Invention invokes the idea of technology and creation. Detroit Invention House inspires kids to express their creativity through technology.
With your programs, young people are able to show off what they made. Are all you programs created that way?
The idea of Detroit Invention House is to get kids excited about technology. Whether you are talking about regular academic curricula or things that kids can do outside of the school like DAPCEP. A lot of that is lecture-driven and rote memorization. Learning now so that you can do the fun stuff later. I want to turn that around and say, “let’s do all the fun stuff and draw you in so that you love this and think about it all the time.” Then kids will start to think of how to tailor their education to achieve those goals. Think back to geometry class and you think “why do I care about a sine wave – it has not relevance to my life, nor will it ever.” When you get into electricity, a battery is direct current and most electronics are alternating current. You need to apply the sine wave to get the direct current to become alternating. Though we didn’t get too deep into it in Clutch Chucks (workshop) it was an introduction to electrical circuits, voltage, amperage, wattage, as well as alternating and direct currents.
How many workshops have you done before Clutch Chucks?
I hadn’t done a workshop where I rented space and advertised. The genesis of DIH is that I’m a dad and I wanted to do these projects with my own sons. So we were. Talking about it with family and friends, they would bring their kids over too. I called them and told them what we’d be doing and to bring kids. At a given time, we’d have ten kids in my home. Clutch Chucks was my first workshop but I have done homegrown activities prior to that. My oldest will be fourteen and my youngest, seven. My oldest Robert, has been doing this for ten years now and my seven year old, Christian loves it. They get the benefit of me driving them crazy all the time.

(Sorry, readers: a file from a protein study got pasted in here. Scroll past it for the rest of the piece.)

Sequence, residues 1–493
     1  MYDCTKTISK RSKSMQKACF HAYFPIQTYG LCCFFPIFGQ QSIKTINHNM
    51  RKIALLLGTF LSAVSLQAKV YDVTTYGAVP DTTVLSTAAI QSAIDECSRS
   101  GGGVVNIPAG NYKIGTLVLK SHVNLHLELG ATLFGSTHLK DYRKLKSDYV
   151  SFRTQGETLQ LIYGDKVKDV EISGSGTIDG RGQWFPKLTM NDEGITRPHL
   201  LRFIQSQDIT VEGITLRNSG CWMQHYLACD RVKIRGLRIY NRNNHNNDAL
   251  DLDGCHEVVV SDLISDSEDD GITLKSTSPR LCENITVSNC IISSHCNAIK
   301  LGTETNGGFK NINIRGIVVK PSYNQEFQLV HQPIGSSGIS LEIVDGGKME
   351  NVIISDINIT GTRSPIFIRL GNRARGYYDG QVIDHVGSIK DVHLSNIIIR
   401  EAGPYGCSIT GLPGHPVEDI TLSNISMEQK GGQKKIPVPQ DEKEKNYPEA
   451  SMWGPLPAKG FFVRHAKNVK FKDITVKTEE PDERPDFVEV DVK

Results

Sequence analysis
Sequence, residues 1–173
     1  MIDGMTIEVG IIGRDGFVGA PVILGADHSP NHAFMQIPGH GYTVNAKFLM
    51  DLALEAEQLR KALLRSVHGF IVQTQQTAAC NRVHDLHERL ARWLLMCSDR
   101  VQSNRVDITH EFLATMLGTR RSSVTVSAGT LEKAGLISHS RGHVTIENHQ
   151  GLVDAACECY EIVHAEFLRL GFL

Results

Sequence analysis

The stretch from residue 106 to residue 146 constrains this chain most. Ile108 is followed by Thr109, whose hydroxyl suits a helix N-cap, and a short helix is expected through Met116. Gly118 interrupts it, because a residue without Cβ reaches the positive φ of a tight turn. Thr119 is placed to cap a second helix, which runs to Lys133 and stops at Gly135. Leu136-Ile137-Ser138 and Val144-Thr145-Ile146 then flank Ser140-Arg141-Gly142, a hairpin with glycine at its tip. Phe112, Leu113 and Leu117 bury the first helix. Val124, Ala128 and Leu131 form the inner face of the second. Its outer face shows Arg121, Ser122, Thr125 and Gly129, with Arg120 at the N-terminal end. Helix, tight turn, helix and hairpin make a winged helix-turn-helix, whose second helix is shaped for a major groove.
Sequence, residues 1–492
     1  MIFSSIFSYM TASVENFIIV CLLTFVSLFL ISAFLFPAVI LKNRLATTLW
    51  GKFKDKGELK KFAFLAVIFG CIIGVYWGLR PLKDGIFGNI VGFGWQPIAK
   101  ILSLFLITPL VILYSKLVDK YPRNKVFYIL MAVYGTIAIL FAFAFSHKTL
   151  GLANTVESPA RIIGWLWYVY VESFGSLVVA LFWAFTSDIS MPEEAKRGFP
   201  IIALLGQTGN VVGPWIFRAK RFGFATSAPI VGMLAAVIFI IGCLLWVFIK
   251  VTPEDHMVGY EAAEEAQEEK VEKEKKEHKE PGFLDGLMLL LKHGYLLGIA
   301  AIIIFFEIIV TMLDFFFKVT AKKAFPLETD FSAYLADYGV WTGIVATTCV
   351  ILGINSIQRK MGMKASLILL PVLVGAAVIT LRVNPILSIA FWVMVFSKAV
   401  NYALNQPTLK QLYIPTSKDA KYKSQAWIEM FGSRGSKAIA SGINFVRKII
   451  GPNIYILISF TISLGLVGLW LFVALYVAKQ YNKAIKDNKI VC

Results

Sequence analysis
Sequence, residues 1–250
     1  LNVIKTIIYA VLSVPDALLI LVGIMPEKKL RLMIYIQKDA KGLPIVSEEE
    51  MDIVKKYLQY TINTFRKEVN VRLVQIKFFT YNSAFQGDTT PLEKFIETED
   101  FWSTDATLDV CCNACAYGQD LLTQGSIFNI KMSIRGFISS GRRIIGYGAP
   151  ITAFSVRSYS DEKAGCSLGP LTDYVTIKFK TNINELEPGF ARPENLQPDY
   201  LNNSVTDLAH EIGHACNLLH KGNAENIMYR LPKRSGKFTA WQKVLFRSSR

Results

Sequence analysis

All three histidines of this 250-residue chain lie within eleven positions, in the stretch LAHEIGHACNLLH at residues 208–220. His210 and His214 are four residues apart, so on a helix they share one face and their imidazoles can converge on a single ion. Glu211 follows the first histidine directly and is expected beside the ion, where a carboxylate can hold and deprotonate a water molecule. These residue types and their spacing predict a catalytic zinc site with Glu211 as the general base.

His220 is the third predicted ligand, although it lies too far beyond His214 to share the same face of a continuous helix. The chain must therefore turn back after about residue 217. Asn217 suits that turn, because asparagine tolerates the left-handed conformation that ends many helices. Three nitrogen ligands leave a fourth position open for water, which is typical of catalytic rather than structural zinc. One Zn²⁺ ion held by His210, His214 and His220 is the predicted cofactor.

Entrepreneurs that have children usually pull their children into the work. How are your children involved in the workshops?
Christian, is the lab rat, the test subject. He’s a good analog to what I’m going to experience in the workshop. Robert, having done this for nearly the past decade is an aid to me in the workshops. He has ideas that he pursues without me and that’s fine, I encourage that. I want all the students to go home and think about something that they can do and do it, instead of dreaming about it.
How did you go from homegrown activities to a business?
My entire professional and personal business experience has been a do-it-yourself type of attitude, I never really asked for help. I was at the point with what I was doing at home that I wanted to get out there and do this full time. I want to open that access to students in the area and even make it a larger business. We can go as far as Ann Arbor, Pontiac, Flint. I reached out for help and its been working out great. The more people I talk to the more opportunities that I discover and resources that I uncover. It’s just getting better. The decision was recognizing that I needed help and being mature enough to ask for it. It was just that simple
Do you consider yourself an “entrepreneur”?
This is not my first business. My oldest was born when I graduated from high school. I graduated when I was 16, turned 17 a month later and Robert was born a month after. I was working crazy hours and heard about opportunity to provide closing services to title companies. As soon as I turned 18, I became a notary. It afforded me an opportunity to buy my own home. That was my full time business until 2008 when the mortgage industry crashed and there were no mortgages to do. I had to switch gear really quick and I’ve been working for people since then. This is an official business now. Everyone at some point wished to work for themselves and have an idea that they think is great but very few of us take that leap. You can have great ideas all day but without bringing sales in the door, there is not point.